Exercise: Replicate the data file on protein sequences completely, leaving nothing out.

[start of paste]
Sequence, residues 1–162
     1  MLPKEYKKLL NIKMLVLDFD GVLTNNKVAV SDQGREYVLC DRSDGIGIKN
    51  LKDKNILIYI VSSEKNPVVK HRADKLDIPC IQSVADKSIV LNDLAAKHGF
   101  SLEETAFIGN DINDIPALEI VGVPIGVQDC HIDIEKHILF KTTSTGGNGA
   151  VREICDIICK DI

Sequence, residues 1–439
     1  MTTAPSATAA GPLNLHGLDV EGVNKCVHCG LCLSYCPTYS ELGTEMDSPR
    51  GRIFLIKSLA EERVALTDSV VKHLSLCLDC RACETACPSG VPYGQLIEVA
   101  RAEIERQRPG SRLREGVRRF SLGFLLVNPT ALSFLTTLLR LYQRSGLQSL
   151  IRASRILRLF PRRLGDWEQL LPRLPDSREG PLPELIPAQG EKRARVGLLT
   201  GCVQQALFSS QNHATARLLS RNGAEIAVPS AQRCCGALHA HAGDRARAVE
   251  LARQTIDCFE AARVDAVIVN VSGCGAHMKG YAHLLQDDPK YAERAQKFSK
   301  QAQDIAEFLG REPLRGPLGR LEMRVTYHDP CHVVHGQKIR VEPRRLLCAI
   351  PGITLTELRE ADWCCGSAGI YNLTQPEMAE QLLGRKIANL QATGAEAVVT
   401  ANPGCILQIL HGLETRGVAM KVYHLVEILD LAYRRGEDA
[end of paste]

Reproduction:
Sequence, residues 1–162
     1  MLPKEYKKLL NIKMLVLDFD GVLTNNKVAV SDQGREYVLC DRSDGIGIKN
    51  LKDKNILIYI VSSEKNPVVK HRADKLDIPC IQSVADKSIV LNDLAAKHGF
   101  SLEETAFIGN DINDIPALEI VGVPIGVQDC HIDIEKHILF KTTSTGGNGA
   151  VREICDIICK DI

Sequence, residues 1–439
     1  MTTAPSATAA GPLNLHGLDV EGVNKCVHCG LCLSYCPTYS ELGTEMDSPR
    51  GRIFLIKSLA EERVALTDSV VKHLSLCLDC RACETACPSG VPYGQLIEVA
   101  RAEIERQRPG SRLREGVRRF SLGFLLVNPT ALSFLTTLLR LYQRSGLQSL
   151  IRASRILRLF PRRLGDWEQL LPRLPDSREG PLPELIPAQG EKRARVGLLT
   201  GCVQQALFSS QNHATARLLS RNGAEIAVPS AQRCCGALHA HAGDRARAVE
   251  LARQTIDCFE AARVDAVIVN VSGCGAHMKG YAHLLQDDPK YAERAQKFSK
   301  QAQDIAEFLG REPLRGPLGR LEMRVTYHDP CHVVHGQKIR VEPRRLLCAI
   351  PGITLTELRE ADWCCGSAGI YNLTQPEMAE QLLGRKIANL QATGAEAVVT
   401  ANPGCILQIL HGLETRGVAM KVYHLVEILD LAYRRGEDA